Saturday, June 9, 2007

Brioche at Bread & Roses

The story of the French and English has not always been one of deep understanding and mutual admiration of one another's cuisine.
That is changing thanks to Paris cafés such as Rose Bakery and the similarly named but unrelated Bread & Roses, which are patching up centuries of misunderstanding by displaying homey scones and crumbles next to chic lemon tarts and quiches.
I'll seize any opportunity to visit Bread & Roses and this morning's Edible Paris guided tour with a food-loving family of Americans from Colorado provided the perfect excuse to re-enter its kitchen.
Owner Philippe Tailleur is an unusual personality in the Paris food world. He ran a profitable shopping center outside Paris before trading it in for this run-down bakery just downstairs from his apartment and a few steps from the Luxembourg Gardens. In a triumph of quality over convenience, he now devotes himself to producing some of the finest organic bread and most tempting prepared goods in Paris (just try to resist the puff-pastry tarts loaded with roasted vegetables). He is a proud Anglophile and claims that his cheesecake is "the best this side of the Atlantic."
The scene in the basement kitchen is the opposite of Poilâne, where bare-chested bakers in traditional cream-colored linen shorts toil before the Roman wood-fired oven. Tailleur has invested in the most modern equipment: the mixers alone apparently cost €100,000 each and there is a nifty machine for dividing a batch of dough into evenly-sized balls. Stacks of white plastic bins hold the various organic flours and seeds that go into about a dozen different speciality breads, which are produced in small quantities - only about 10-20 loaves of each per day. Bakers shape the loaves by hand and are encouraged to invent new recipes, such as the wonderful currant-studded ficelle (a very thin baguette). To keep the bakery side of things small and confidential, Tailleur doesn't post the word boulangerie outside and the bread is displayed at the back of the shop.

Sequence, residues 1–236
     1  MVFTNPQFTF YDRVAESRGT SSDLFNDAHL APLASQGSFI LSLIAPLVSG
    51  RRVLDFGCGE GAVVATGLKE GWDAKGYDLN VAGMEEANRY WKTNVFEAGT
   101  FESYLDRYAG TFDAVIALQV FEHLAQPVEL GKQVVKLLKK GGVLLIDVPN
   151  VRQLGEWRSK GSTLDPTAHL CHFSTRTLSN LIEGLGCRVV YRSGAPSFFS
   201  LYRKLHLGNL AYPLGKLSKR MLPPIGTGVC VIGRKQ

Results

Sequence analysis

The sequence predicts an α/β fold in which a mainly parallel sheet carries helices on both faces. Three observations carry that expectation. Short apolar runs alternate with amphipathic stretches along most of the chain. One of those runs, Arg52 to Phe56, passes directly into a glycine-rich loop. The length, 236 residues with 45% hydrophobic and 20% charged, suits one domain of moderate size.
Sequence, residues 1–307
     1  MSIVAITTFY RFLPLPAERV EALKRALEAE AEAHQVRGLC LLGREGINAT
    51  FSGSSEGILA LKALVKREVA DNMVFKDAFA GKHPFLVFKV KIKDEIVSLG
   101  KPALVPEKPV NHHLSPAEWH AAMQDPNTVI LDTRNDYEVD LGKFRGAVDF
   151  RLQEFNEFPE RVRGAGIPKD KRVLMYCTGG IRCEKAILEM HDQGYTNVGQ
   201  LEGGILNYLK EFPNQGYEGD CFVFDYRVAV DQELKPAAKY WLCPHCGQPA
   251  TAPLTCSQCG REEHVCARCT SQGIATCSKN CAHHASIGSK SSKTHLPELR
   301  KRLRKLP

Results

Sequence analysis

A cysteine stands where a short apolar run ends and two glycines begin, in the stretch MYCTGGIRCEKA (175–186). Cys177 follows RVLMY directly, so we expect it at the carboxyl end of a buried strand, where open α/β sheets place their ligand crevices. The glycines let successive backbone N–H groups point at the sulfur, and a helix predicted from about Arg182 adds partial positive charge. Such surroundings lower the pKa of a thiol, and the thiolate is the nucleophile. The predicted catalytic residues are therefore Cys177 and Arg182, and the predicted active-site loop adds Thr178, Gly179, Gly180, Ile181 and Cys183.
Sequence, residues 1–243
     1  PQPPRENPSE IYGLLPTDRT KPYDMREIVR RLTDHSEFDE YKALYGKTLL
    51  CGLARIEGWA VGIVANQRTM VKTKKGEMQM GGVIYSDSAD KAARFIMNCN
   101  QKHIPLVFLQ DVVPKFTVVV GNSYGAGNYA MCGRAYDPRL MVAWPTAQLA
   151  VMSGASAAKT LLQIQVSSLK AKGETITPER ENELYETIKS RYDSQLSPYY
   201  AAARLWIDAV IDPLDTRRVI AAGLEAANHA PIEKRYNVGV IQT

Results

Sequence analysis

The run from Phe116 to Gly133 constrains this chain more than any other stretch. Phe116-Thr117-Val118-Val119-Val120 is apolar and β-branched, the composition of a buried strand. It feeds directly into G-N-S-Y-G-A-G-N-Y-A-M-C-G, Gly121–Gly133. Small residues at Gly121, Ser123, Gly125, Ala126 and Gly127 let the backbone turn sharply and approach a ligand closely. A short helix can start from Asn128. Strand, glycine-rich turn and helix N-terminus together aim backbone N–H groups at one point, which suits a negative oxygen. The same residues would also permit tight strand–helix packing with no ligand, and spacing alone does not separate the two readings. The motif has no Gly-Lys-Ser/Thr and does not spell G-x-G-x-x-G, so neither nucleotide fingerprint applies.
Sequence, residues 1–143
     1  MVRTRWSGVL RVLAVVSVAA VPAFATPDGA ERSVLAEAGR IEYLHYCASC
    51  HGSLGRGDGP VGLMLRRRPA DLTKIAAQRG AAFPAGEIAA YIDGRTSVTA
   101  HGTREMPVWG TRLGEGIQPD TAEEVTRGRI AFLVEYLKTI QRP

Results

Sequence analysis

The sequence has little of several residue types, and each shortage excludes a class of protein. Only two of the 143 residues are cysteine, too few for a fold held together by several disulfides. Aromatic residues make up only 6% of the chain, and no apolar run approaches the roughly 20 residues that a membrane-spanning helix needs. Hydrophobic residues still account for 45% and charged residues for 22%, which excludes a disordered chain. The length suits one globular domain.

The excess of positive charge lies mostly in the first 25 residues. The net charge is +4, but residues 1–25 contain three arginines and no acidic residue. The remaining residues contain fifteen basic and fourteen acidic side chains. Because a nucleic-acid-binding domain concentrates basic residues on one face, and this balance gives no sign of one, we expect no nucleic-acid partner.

On the other side of the kitchen a few cooks work on salads, savory tarts and pastries. Today they were making strawberry tiramisu, layering syrup-soaked Italian biscuits with strawberries, blueberries and mascarpone cream. One of the cooks was assembling a giant tiramisu in a big glass bowl which had been provided by one of the bakery's well-heeled customers. This is a popular request, she said. "That way they can say they made it themselves."
I was also intrigued by the Bread & Roses take on the tropézienne, a rich brioche-and-custard cake that originated in St-Tropez (a bit of a contradiction when you consider the beachwear there). Here it's filled with a lighter version of crème pâtissière and inauthentic strawberries, which add a welcome fresh note.
Brioche has become a specialty lately and I picked up one of the cloud-like golden loaves to try at home. Even more than croissant, brioche has the ability to transform a massive slab of butter into something puffy and ethereal that melts on the tongue. I wasn't hungry when I tasted it, but that didn't stop me from going back for a second slice, just to be sure it was as glorious as it seemed.
The rest of the loaf, toasted and perhaps spread with a little strawberry jam, will give me reason enough to wake up tomorrow morning.
Bread and Roses, 7 rue de Fleurus, 6th, 01 42 22 06 06.


Lucy said...

Brioche for breakfast. Lovely stuff.

Rosa said...

There was so much butter in this brioche that it actually sizzled when I put it in the toaster! It made a marvelous breakfast.